Get the kids to decorate the tree. The ornaments may end up two feet from the floor and huddled together for warmth, but who cares? Reward them with cookie decorating using plain store-bought cookies and icing tubes from the cake aisle.

Don’t make life more stressful by overscheduling

If you’re feeling stressed and overwhelmed by your holiday agenda, don’t over-schedule your time and take on more than you can manage. Decide in advance just how many parties or other events you can handle, then whittle down the list to your set limit. Politely but firmed decline the rest. You can make plans to hang out with them in January instead.

Feeling stressed during the holidays, woman screaming in a santa hat
Overscheduling during the holidays can cause undue stress

Shop online, in your stress-free home

Packed parking lots, long lines, crowded malls, and higher blood pressure – is all this stress what you want? This year, opt for a calmer, gentler shopping experience. Grab your slippers, a warm cup of apple cider, and turn on the computer.

Shopping early is a huge stress saver too. I have lots of small framed and matted paintings (all $85) that would make perfect gifts for a holiday housewarming, or to put under the tress for family and friends.  All ready to hang paintings for your gift-giving needs can be seen on my website.

Related blog posts

How to be creative when stressed or under pressure

7 tips to get you going when you’re feeling unmotivated

Do you want more great tips and advice? Sign up for my monthly newsletter to be automatically delivered to your email inbox.

 

How to have a relaxing holiday

Want to relax this holiday season? Then consider getting your holiday shopping finished early. The Plaxall Gallery in Long Island City, NY is hosting an “Off the Wall Holiday Art Fair” from Nov. 7 – Jan. 12. Hundreds of affordable artworks available from both emerging and established artists. Pick something up for your family and friends, or perhaps as a treat for yourself.

Visit www.licarts.org, for more info on fair hours and location. Pictured here are four new 5″ x 7″ paintings that I have on view at the show.

Developing final art from a digital sketch

landscape water iPad procreateThis spring, I used my iPad, and the app Procreate to develop some painting ideas for a commissioned beach-themed artwork. Painting digitally is helpful because you can work with the client to try out different ideas without actually applying paint to canvas.  You can easily go back and remove the changes with just a click of a button.  In this sketch, using the client’s comments, I lightened and softened the large areas on the right.  Then I add more tan and reduced the darker areas. I thought you might like to see how the final painting turned out. To the left is the revised digital sketch.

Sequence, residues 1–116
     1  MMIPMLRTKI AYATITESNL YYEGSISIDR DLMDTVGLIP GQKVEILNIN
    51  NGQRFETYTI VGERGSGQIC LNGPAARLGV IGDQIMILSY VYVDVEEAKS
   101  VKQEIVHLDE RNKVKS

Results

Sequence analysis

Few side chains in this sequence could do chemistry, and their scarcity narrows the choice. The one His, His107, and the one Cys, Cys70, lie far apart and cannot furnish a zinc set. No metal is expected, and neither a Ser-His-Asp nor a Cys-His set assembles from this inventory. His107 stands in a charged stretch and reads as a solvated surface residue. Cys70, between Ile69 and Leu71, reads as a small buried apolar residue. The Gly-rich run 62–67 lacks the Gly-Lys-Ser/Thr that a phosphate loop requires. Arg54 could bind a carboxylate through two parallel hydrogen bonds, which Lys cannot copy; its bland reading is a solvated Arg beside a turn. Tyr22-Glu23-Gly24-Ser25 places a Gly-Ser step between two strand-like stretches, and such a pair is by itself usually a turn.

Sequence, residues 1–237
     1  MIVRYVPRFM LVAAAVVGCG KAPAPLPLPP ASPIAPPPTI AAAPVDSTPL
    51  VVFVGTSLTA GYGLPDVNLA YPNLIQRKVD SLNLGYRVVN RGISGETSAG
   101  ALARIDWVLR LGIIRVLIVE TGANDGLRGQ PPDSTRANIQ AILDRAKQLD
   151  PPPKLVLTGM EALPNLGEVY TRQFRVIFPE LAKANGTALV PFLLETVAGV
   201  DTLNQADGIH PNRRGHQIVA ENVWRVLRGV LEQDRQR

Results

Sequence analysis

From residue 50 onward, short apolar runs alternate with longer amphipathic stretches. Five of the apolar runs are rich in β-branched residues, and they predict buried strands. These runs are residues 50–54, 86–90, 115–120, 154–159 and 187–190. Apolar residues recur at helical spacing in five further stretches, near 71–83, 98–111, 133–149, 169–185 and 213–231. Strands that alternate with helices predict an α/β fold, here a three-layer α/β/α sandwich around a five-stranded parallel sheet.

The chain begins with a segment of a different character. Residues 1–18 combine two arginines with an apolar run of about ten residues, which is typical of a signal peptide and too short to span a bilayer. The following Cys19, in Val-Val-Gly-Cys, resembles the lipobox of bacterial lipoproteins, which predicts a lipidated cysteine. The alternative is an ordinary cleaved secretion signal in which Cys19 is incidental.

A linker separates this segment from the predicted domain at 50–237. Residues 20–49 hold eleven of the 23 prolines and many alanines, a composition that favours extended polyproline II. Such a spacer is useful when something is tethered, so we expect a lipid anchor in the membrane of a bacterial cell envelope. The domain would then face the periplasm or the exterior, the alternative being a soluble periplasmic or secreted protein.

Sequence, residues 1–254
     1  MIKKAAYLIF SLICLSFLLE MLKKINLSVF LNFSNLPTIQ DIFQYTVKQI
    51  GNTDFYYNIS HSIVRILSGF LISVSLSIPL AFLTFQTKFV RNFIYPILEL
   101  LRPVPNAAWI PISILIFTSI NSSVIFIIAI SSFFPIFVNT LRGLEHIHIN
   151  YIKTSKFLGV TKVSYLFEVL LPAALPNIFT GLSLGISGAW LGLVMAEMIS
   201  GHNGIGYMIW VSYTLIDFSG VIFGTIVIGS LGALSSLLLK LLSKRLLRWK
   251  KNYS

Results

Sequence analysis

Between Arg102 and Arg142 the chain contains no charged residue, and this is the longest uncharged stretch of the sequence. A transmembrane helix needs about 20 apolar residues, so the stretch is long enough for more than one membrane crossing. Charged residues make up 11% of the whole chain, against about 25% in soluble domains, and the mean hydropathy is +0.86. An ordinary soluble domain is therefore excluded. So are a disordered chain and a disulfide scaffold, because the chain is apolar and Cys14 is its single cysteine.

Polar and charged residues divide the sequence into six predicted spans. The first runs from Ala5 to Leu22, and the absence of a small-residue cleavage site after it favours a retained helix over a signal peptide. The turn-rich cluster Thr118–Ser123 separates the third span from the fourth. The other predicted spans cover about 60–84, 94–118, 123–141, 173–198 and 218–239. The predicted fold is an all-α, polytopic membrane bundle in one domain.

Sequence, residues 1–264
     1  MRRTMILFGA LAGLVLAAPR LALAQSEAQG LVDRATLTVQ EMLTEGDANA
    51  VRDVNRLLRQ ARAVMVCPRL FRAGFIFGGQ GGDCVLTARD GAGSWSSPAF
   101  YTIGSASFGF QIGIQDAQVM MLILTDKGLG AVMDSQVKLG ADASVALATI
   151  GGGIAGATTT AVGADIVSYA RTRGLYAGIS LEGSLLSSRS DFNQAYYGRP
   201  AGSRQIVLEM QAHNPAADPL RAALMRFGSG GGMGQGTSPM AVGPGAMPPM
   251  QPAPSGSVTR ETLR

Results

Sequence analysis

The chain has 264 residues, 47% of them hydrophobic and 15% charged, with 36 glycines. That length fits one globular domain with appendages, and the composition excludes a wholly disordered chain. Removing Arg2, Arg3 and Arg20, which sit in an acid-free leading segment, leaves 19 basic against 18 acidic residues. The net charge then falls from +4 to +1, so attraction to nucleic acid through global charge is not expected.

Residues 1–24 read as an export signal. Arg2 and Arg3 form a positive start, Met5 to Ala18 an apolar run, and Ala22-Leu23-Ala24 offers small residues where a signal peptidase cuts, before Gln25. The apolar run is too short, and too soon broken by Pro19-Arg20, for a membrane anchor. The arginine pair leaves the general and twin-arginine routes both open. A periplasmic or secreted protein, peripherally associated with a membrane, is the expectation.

The final painting “Nantucket Summer” is now happily hanging in my client’s home on Nantucket Island.

 

Have you ever wanted to see your art published in a magazine?

Colorful Kathy Ferguson artwork published art on magazine of Wild Apple Wall Decor

Of course!  I dreamed of getting my artwork published in a magazine but always thought of it as a long shot.  And making the cover?  Impossible.

So, I was surprised and thrilled to have my artworks, Jeweled Forest One and Two, featured on the cover of Wild Apple‘s Art Decor February 2019 Issue.  Wild Apple Graphics is my B2B art publisher and licensor.  These two original paintings are still available if you’re interested. See them in detail on my website.

A spread of art magazine publications
A spread of art magazines that might be a good fit for publishing your artwork

How to get your work published in magazines

“Congratulations,” you say.  “But how can I make this dream happen for me?”  There are lots of ways to get your artwork published, both online and print magazines. The key is to start with a MEDIA KIT.

The first step to getting your artwork published in magazines is to assemble a compelling media kit. This kit is a digital portfolio that will allow magazines to take a quick look at your artwork and profile. It’s a glance at your best and most relevant pieces. The media kit should contain two things, artwork images and a text introduction.

Collect your Artwork Images for magazine publication

10-15 images of your work. Make sure the pictures are high-quality, with no background or frames—just images of the artwork themselves. Lighting must be professional and uniform, so there is no skewing of the colors. It’s a bonus to include photos of artworks hanging in-situ, in beautifully decorated rooms to help show the size and proportions of your work.

Ideal file dimensions for web viewing (and quick load time) are JPEGs at 72 dpi – 2000px max – less than 1.5MB. 

write a Text Introduction to that will interest writers